The man you see above is Stewart Brand, a man of many talents, interests, circles and followings. Some of you may have seen him talking at length and with much passion on the subject of nuclear power over at TED, battling it out on the stage with equally intelligent minds who don’t quite hold the same love for atom-splitting. Alongside these appearances, he is a highly regarded environmentalist and President of the Long Now Foundation, a group which aims to seed longterm responsibility in all things sustainable and cultural, I’m assuming in an attempt to align our global conscious in the right direction. Personally I like him; he holds good values and is a smart man, and I too share his like of nuclear power despite its negative press.
Well now Mr. Brand can add yet another qualification, if you can call it that, to his growing list - spiritual leader of the newest in green movements, ‘neo-environmentalism’. This fashionable but youthful ideal mirrors many aspects of the neoliberal movements of times past, where radical solutions to sweeping problems and optimism in every corner reign supreme. In effect, this fad hopes to replace the ageing and withered currently held belief that science and data will eventually turn society around and set it back on the path in which we survive far into the future.
It isn’t hard to see that this science-lead approach has had its fair share of hard times, with many die-hard scientists and professional circles now coming out in almost complete despair at the chances of peer-reviewed evidence ever pulling the wool from our eyes. With so many things going wrong in modern times, from climate change to food crises, the public are consistently battered from all sides by doom and gloom news, and there’s no doubt the majority is starting to simply switch off and crawl into their denial shell. Those that power on through and keep on the science debate are fighting a monumental war, even if once-proclaimed deniers such as Koch finally come out and agree with what many of us have known for decades. Even though I still firmly believe that this approach is one of the best we have in our arsenal against stupidity and ignorance, it would seem that now is the perfect time for something a bit fresher.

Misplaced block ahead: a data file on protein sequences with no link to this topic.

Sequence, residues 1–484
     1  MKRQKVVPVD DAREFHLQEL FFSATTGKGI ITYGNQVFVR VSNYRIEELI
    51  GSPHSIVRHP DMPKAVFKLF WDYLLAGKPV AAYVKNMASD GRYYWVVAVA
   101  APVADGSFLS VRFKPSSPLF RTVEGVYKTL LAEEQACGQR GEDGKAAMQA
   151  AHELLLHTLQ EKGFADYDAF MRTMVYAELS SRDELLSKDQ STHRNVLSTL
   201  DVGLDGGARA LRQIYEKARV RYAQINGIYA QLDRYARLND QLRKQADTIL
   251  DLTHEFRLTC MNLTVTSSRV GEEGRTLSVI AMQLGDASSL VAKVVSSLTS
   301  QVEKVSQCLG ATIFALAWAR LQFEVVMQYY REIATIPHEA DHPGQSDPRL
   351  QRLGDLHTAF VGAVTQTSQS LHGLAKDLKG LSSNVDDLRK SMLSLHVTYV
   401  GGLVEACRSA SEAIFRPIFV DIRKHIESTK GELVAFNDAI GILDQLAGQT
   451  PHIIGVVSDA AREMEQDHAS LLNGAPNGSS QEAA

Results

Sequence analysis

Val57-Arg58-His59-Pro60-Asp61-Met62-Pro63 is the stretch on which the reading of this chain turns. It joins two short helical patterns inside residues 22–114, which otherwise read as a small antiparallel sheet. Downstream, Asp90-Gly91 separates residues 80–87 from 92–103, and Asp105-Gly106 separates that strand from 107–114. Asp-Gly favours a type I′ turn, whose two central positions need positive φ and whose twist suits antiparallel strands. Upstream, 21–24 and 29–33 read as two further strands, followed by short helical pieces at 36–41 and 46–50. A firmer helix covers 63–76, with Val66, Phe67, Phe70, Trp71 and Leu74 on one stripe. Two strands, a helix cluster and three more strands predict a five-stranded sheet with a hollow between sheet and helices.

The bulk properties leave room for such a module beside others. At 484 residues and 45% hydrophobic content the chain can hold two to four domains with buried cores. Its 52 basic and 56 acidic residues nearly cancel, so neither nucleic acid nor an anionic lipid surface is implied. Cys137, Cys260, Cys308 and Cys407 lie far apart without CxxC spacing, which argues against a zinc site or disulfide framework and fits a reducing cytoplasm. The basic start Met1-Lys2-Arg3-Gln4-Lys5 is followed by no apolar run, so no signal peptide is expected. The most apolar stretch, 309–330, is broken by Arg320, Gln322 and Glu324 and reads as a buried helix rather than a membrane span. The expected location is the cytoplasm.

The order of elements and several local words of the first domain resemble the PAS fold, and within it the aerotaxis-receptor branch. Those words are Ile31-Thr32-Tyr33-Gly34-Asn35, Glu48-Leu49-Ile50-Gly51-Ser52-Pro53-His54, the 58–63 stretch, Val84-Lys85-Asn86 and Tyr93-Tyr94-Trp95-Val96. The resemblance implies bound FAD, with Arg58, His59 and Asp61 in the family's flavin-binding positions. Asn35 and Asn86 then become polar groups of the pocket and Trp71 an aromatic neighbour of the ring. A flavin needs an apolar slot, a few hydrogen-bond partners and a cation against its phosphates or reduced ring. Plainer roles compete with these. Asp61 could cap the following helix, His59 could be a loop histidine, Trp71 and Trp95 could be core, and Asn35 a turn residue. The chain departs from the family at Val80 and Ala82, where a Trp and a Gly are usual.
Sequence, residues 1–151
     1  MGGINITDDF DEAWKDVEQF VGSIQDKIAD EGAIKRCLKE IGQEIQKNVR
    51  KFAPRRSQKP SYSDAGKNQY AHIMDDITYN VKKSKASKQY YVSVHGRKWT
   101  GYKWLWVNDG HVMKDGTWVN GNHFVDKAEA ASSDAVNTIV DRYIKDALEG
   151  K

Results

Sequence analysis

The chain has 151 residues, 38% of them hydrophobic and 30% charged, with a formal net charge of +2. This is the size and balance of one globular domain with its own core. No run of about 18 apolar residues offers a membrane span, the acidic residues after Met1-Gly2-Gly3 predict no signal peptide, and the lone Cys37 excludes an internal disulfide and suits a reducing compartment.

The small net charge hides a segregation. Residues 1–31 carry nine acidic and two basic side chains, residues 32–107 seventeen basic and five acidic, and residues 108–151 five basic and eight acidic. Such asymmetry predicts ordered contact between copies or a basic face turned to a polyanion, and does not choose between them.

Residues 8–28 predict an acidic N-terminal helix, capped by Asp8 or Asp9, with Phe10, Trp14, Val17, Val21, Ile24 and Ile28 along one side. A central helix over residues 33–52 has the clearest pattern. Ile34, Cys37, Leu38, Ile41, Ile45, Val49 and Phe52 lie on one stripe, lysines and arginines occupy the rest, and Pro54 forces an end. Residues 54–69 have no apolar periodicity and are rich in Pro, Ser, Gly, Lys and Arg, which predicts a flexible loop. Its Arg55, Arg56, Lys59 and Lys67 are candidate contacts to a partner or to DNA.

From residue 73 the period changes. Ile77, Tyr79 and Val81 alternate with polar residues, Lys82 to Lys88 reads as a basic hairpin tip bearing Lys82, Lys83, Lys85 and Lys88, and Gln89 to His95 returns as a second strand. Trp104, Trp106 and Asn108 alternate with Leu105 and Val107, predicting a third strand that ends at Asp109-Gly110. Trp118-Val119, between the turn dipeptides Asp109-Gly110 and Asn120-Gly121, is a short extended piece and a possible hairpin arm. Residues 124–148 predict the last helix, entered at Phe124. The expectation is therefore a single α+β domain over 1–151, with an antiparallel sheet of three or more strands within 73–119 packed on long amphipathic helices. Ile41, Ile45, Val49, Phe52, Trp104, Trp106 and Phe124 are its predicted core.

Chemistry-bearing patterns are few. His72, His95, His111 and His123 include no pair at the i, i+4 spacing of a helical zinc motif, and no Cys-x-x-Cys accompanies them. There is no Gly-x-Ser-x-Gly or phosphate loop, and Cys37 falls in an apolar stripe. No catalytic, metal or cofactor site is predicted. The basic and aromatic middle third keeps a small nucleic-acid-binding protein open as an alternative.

Neo-environmentalism manages to tap this resource by looking at it down the lens of economics and business. Everybody knows that politicians and economists are [far too] powerful in their abilities to influence all levels of governance, technology, funding and society, and by choosing to take their viewpoint more practically, you instantly win over a large group of people.
Within this, the role of technology, Western ideals and rapid advancement alongside growth take a much more important seat next to sustainability, rather than the more, shall we say, realistic view of the current movement, which sees tempered growth, inclusion of the environment in economic measurement and persistent projection and mitigation of oncoming disasters. Of course, both of these can easily blur together, and often do even now, but this new form seems to want to take things slightly more to the extreme business side of things, for better or worse.